Christmas is upon us and it isn’t even Halloween yet. Don’t believe me? Walk into any Best Buy and look at how the GPS devices are positioned and priced, how the televisions are positioned and priced. Not that this is anything new. Back when I was young enough to be a stock boy at a dollar store, we would start preparing for Christmas sales in August.
October 30, 2010
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October 30, 2010
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The Ship and Anchor is a Dunwoody Restaurant Group restaurant, which means it’s going to be an English-Irish themed restaurant with a menu it holds in common with other Dunwoody Restaurant Group places. You’ll have a small but good selection of beers, good mixed drinks, usually very good staff. Seating will be roomy and comfortable. What could this restaurant have that the others do not?
In this case, a snaky ‘S’ shaped bar, a couple pool tables, a couple stuffed chairs. It’s laid out a bit differently and it’s along Sandy Springs, on the corner of Hammond and Roswell Road. For some the proximity to Whole Foods may make a difference.
In my case it was there, and I’m very partial to their Mediterranean salad, a mix of greens and lamb. Staff was excellent. I enjoyed the visit a lot.
Verdict: One of a small chain of restaurants featuring good beers, good food, excellent staff. Highly recommended.
The Ship and Anchor Pub
5975 Roswell Road
Sandy Springs, GA 30328
October 28, 2010
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BB’s is a mom and pop place perhaps three blocks north of the intersection of Medlock Bridge and State Bridge Road, a pretty brick eatery on the corner of a strip mall. My wife was wanting to shop at Whole Foods, but had to eat first. We ended up here.
Nice design and a clean look give it a very family friendly ambiance. To order, you pick up a clipboard and circle the things you want on your sandwich (or with your sandwich). Beef, chicken, salmon, bison are among the many possibilities. Essentially, it’s a build your own burger setup.
It’s all good. A little slow but good. Pricey as well, as feeding the three of us ran about 40 dollars. But hey, with salmon burgers and bison burgers to order, and good sized burgers at that, perhaps its worth paying for the extra time and effort.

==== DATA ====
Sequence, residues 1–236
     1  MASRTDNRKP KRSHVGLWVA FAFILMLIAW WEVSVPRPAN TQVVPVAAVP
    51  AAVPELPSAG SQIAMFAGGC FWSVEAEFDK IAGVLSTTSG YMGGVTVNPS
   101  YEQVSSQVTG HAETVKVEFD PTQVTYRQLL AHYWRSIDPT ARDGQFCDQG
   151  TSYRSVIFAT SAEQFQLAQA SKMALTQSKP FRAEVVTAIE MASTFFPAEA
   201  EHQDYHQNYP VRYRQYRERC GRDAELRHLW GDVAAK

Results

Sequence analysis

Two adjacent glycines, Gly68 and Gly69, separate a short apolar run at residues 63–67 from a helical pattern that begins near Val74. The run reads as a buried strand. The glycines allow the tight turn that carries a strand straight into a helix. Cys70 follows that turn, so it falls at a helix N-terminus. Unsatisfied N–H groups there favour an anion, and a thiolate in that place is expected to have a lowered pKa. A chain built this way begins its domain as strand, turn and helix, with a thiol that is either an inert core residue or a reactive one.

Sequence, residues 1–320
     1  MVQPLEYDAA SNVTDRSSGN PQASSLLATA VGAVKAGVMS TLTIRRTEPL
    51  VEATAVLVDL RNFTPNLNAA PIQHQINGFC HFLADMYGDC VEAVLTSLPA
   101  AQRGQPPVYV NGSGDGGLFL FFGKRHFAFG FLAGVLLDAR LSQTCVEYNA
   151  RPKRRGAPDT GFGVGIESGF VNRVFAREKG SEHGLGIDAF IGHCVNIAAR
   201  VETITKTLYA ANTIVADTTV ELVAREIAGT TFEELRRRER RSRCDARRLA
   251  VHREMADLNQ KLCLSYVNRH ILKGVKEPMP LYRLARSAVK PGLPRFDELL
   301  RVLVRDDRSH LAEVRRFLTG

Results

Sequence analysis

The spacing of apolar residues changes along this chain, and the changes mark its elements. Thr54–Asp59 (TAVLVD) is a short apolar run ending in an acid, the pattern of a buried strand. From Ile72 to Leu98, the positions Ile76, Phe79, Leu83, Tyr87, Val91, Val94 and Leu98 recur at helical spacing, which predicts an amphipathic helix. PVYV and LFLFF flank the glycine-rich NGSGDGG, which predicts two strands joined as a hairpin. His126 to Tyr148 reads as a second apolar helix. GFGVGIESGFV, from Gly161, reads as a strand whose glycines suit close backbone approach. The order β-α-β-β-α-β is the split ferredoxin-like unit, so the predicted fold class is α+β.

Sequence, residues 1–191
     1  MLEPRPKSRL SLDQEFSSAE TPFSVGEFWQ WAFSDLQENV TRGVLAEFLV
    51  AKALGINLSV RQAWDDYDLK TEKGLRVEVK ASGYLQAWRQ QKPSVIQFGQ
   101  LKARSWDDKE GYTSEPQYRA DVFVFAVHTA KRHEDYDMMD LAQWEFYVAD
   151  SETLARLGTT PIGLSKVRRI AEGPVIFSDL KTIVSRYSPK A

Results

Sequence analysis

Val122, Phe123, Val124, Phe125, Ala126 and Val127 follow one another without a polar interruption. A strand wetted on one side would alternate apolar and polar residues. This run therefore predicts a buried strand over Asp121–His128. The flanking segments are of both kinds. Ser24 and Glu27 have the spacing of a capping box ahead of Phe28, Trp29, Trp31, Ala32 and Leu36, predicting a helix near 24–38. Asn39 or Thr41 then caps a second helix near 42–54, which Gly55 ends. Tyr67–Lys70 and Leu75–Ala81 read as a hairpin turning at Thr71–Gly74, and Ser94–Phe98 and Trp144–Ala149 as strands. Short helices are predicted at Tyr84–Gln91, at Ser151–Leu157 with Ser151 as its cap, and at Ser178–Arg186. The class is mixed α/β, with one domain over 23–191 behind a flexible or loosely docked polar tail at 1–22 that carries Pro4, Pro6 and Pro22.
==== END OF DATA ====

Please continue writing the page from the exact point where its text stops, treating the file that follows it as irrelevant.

B.B.’s Best Burgers
10475 Medlock Bridge Road
Duluth, GA 30097
October 24, 2010
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In one more week I can lift weights again. It’s a relief, because this is the point I get to put my hernia surgery behind me and start trying to work out the way I was when I was losing weight. It’s been a drag, not being able to do lat pulldowns.
In the meantime a lot of my eating has been circumscribed, the one big meal a week at a nice restaurant, enough to keep the blog ratings going. Not that Fogo isn’t a bad place to eat, just that the big name places sometimes aren’t as fun as the smaller discoveries, the small owner driven shops that make you realize food involves a creative process, and isn’t just evolved from monster corporations with made up names to satisfy brand registration law.
My boonie pepper is looking both worn and fecund. It has more peppers than it ever had. The end of the warm weather seems to bring on a load of fruit and it is more productive now than it has ever been. It’s so big it leans, but I’m just impressed how well a tropical pepper behaves in near coat wearing weather.